Climate clippings 22

These posts include a brief mention of a number of news items relating to climate change. They don’t preclude treating any of these topics at more length in a separate post.

They can also serve as an open thread so that we can keep each other informed on important climate news.

Gillard’s speech goes global

On 16 March 20011 Julia Gillard gave a speech to the Don Dunstan Foundation.

Climate Progress picked it up, quoted a long slab and highlighted these bits with approbation and the wish that Barack Obama would do as well:

Australians of the future will look back on [opposition leader Tony] Abbott’s campaign with pity and shame. The pity and shame posterity reserves for leaders who miss the wave of history and misjudge the big calls.…

We will cut carbon pollution. We will not leave our nation stranded by history. We will not live at the expense of future generations. We will get this call right and get this job done: For our nation. For our people. For our future.

It’s a mighty fine speech, but why did I have to find out about it from the other side of the world? Continue reading Climate clippings 22

Minchin’s junk science

Articles like this give the impression that climate change doubters and believers talk from two legitimate but different scientific frames of reference.

Wrong!

Roy Spencer is one of the main proponents paid as an academic scientist who claims that the human effect on climate is negligible. Barry Bickmore of Brigham Young University critically analyses Spencer’s position. In a 2008 paper:

Spencer was only able to obtain this result by assuming unrealistic values for various model parameters. If realistic values are used, the effect Spencer described is negligible.

Then in later work Spencer “claims to show with his simple climate model that, not only is climate sensitivity low, but most of the global warming in the 20th century can be explained by a natural cycle called the Pacific Decadal Oscillation.”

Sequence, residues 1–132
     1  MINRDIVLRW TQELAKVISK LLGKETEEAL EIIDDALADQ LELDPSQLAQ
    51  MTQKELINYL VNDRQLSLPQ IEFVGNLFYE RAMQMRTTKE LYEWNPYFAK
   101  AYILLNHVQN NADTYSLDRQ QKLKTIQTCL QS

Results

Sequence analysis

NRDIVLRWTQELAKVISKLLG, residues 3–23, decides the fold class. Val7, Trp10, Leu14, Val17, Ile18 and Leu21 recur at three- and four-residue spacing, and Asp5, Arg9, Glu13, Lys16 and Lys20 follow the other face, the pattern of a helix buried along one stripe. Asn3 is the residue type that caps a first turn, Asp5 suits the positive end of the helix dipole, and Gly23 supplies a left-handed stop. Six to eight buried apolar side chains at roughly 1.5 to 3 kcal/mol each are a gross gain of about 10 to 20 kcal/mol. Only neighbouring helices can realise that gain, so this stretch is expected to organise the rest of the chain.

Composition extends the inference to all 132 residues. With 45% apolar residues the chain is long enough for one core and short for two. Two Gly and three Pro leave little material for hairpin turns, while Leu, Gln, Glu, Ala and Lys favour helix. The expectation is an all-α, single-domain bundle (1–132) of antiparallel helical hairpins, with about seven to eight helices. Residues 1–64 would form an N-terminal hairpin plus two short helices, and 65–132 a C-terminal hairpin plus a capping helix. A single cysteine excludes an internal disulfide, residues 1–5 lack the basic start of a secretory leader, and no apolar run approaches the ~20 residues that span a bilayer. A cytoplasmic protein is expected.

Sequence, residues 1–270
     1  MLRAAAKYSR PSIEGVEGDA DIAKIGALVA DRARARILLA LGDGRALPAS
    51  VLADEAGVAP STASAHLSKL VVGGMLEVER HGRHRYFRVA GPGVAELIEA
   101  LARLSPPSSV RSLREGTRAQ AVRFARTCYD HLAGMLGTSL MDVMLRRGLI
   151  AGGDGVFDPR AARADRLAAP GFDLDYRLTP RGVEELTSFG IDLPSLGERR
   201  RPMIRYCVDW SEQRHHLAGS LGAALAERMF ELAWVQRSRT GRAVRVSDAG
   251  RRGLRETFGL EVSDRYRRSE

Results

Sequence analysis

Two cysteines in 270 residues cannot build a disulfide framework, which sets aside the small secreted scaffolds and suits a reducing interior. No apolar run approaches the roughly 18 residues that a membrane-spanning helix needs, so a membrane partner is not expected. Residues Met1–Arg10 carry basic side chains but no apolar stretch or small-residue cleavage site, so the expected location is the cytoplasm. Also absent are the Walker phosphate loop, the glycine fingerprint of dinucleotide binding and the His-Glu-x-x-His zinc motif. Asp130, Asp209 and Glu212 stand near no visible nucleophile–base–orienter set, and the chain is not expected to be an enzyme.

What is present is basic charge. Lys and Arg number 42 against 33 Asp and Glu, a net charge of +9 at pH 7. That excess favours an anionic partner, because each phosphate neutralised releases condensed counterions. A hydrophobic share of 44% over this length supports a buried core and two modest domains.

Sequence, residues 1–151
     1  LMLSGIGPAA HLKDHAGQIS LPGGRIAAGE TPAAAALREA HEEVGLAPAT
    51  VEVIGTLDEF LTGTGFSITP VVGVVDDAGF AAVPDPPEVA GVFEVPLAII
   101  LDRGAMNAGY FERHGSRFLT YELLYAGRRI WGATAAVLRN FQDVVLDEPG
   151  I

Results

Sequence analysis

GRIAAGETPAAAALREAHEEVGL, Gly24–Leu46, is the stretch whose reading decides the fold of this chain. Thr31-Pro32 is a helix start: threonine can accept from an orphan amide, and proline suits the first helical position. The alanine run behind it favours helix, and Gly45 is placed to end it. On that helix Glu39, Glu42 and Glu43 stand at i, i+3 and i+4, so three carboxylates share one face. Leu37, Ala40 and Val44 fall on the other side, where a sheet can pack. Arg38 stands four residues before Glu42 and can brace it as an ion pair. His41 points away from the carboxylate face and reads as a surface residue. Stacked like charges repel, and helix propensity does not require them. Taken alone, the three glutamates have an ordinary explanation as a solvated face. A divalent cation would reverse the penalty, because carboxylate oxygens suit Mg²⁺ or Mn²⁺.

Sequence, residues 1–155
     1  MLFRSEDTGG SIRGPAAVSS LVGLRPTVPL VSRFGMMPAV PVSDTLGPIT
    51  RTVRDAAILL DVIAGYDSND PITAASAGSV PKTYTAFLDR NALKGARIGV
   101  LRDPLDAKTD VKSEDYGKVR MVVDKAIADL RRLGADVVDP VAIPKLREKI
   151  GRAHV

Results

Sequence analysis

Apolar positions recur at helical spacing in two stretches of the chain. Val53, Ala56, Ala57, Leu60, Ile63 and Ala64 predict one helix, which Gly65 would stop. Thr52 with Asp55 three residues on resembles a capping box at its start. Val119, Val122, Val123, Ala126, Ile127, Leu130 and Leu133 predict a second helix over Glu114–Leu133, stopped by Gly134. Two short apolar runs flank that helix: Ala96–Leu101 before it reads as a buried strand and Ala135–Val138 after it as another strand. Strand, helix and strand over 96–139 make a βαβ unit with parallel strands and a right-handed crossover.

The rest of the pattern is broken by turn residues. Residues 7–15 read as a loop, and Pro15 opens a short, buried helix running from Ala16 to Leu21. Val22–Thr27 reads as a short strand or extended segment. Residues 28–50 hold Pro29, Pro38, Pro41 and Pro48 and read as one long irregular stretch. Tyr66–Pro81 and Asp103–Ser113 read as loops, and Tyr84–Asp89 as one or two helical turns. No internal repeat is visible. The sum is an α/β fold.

I took apart Spencer’s climate model, programmed it into my computer, and showed that, once again, he was only able to come to his conclusions because he was willing to use absurd values for some of his model parameters. Furthermore, he used a bizarre statistical technique that he apparently just made up, because it was capable of giving him nearly any answer he wanted.

Continue reading Minchin’s junk science

Climate clippings 21

These posts include a brief mention of a number of news items relating to climate change. They don’t preclude treating any of these topics at more length in a separate post.

They can also serve as an open thread so that we can keep each other informed on important climate news.

Mega-heatwaves in Europe

Mega-heatwaves like the one in 2003 will become five to 10 times more likely by 2050 according to a recent study, occurring at least once a decade. The 2010 heatwave was something else again.

But the 2010 heatwave was so extreme – 10C above the average for the first week of August between 1970 and 2000 – that similar events are only expected to occur once every 30 years or so.

The 2010 event caused some 50,000 deaths, reduced the Russian grain crop by 25% and cost the nation $15 billion. It should be noted that the link between that event and climate change as such has not yet been established, but the incidence of mega-droughts is expected to increase nevertheless. Continue reading Climate clippings 21

Climate clippings 20

These posts include a brief mention of a number of news items relating to climate change. They don’t preclude treating any of these topics at more length in a separate post.

They can also serve as an open thread so that we can keep each other informed on important climate news.

Nicholas Stern: Climate inaction risks a “global war”

Climate Progress has the story:

The temperature increases, the temperature changes of this kind, transform where people can be. In the upwards direction, you’re going to get some areas that become deserts, probably most of southern Europe. Others that are inundated: Florida, Bangladesh, and so on.